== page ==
Fig. 6 compares the lateral displacement of three tower models along with height. The maximum displacement occurred at the top for all tower models. The profiles of the lateral displacement depict the flexural behavior of the towers. As the wall thickness increased, the lateral displacement of the tower decreased. The lateral displacement was relatively small from the base to 50 m height in all the tower models, and increased significantly beyond the height of 50 m. Such result is attributed to the nonuniform load and stiffness along the height. The allowable deformation at the top of the tower is typically about 0.5–0.8% of the tower height, approximately 600–960 mm. The analysis results showed that the maximum lateral displacement of towers 100150WTT, 140210WTT, 200300WWT were 855.1, 637.8, 461.4 mm at tower top, respectively, which satisfied the deformation requirement.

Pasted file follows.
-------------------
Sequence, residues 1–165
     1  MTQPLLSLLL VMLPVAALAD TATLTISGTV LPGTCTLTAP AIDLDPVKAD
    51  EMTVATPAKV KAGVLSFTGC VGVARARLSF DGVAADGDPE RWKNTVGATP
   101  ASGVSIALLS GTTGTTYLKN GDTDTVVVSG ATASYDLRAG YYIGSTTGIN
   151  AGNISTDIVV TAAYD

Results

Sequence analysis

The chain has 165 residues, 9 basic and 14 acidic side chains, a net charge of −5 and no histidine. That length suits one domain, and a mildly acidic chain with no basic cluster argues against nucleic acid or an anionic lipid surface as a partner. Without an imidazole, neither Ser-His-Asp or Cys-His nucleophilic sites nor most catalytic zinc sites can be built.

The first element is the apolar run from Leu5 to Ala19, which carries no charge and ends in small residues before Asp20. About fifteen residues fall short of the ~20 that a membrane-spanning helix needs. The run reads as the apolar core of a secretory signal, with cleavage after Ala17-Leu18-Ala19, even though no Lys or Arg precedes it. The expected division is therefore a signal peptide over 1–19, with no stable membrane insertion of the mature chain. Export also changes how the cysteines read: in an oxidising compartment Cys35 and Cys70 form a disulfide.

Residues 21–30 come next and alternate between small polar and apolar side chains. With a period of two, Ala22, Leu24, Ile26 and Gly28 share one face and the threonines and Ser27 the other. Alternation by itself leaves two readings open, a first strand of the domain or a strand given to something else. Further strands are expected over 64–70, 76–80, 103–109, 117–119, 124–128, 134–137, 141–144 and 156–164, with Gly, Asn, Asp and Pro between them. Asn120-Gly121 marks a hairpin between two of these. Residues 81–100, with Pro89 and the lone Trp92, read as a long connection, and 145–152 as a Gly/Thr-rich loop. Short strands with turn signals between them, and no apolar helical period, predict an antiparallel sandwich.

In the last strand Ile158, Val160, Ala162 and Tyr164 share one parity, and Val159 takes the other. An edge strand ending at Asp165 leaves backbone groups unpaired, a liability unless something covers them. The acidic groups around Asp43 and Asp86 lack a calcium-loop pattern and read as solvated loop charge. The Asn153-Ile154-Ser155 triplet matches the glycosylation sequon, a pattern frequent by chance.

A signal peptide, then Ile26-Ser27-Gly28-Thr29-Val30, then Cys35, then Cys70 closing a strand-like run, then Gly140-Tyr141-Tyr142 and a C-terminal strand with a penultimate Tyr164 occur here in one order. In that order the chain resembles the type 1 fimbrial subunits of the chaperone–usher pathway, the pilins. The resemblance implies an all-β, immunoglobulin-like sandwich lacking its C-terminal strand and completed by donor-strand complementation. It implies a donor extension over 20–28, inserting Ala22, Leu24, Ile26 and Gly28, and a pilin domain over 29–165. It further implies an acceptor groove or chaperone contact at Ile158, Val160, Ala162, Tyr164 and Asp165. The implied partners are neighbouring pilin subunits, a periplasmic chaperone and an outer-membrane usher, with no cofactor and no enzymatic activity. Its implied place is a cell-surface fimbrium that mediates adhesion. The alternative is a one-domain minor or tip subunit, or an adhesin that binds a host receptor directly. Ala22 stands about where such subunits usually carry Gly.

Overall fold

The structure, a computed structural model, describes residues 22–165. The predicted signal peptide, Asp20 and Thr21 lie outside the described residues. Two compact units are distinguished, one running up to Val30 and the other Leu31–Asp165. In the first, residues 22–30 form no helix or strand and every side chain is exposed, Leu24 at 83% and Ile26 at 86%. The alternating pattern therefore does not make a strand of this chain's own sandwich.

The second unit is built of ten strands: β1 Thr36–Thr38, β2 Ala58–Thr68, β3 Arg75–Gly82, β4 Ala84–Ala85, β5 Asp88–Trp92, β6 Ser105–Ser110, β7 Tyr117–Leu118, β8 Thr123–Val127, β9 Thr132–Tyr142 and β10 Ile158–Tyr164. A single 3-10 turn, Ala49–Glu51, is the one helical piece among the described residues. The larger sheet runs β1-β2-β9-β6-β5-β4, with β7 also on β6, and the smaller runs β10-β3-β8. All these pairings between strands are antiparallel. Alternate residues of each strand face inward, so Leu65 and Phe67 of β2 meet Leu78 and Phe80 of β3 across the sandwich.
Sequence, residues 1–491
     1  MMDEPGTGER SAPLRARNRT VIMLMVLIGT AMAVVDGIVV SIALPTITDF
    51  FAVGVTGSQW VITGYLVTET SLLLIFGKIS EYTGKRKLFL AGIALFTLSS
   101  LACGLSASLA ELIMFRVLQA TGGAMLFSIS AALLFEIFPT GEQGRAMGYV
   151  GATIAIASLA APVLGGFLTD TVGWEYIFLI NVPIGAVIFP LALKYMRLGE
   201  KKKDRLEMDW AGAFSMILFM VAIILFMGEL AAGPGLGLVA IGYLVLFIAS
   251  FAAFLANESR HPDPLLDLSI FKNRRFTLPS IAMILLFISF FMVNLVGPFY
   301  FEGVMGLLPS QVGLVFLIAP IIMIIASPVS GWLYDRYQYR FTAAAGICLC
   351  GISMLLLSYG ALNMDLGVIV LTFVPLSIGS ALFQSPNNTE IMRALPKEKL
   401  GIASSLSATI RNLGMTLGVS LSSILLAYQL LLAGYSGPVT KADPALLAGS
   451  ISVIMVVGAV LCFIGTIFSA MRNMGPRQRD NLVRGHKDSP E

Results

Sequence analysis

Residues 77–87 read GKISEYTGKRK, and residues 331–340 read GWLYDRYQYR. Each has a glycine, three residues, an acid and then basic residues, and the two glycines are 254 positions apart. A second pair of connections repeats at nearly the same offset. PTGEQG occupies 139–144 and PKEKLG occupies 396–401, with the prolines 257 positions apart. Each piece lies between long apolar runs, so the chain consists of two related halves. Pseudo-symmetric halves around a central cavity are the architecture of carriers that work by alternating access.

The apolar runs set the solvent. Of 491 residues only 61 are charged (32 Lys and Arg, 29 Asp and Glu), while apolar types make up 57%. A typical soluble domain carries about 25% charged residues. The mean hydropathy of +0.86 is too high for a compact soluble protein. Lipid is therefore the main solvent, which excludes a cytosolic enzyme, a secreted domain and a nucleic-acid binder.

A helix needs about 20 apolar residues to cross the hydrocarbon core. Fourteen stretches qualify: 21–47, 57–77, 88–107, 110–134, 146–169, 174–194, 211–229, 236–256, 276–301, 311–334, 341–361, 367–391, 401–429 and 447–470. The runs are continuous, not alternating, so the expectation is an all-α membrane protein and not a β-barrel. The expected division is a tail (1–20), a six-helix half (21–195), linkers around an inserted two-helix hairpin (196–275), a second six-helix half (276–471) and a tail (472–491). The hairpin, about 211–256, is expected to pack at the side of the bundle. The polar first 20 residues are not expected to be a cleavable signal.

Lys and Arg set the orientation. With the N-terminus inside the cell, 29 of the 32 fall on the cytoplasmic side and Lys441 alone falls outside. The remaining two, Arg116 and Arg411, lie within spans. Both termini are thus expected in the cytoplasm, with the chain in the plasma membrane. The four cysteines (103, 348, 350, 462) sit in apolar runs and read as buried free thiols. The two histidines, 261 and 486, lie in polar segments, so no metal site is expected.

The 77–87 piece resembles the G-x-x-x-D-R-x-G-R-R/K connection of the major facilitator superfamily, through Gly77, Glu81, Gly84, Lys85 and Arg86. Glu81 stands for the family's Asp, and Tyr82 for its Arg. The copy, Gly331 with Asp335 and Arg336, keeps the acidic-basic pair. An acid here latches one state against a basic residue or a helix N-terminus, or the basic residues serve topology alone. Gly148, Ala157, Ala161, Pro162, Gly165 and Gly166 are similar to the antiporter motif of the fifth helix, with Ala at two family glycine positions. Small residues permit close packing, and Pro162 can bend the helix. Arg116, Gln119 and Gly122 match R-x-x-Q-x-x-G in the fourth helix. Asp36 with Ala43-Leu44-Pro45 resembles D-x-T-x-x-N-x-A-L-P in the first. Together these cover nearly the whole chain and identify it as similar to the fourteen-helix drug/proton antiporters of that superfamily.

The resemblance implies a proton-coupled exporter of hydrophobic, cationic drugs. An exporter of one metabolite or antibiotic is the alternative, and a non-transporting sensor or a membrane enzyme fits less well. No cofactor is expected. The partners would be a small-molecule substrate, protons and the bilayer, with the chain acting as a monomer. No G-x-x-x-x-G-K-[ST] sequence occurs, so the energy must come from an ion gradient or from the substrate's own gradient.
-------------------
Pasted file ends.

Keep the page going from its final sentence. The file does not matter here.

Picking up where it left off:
Fig. 7 shows the nondimensionalized tensile stress (σ/f_{Utk}) and the nondimensional lateral displacement (u/u_{max}) on the windward side of the tower with various wall thicknesses, In this figures, σ is the maximum compressive stress; f_{Utk} is the specified tensile strength of UHPC (= 6 MPa for UHPC200); u is the lateral displacement at the tower top; and the u_{max} is the allowable lateral displacement at the tower top in design code (GB50135, 2019). Based on the computed results, the regression curves of the tensile stress and lateral displacement are established as a function of the wall thickness in the tower with the wall thickness ratio of 2:3: